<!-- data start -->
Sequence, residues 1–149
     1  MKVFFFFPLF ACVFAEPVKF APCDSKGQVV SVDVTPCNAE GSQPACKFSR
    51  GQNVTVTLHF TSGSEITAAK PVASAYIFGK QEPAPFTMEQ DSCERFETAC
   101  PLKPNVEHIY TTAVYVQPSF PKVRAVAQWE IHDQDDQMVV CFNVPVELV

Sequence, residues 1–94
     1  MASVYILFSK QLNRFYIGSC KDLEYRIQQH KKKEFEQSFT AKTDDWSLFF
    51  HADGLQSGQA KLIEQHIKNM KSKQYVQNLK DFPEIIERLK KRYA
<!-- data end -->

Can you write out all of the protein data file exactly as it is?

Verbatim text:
Sequence, residues 1–149
     1  MKVFFFFPLF ACVFAEPVKF APCDSKGQVV SVDVTPCNAE GSQPACKFSR
    51  GQNVTVTLHF TSGSEITAAK PVASAYIFGK QEPAPFTMEQ DSCERFETAC
   101  PLKPNVEHIY TTAVYVQPSF PKVRAVAQWE IHDQDDQMVV CFNVPVELV

Sequence, residues 1–94
     1  MASVYILFSK QLNRFYIGSC KDLEYRIQQH KKKEFEQSFT AKTDDWSLFF
    51  HADGLQSGQA KLIEQHIKNM KSKQYVQNLK DFPEIIERLK KRYA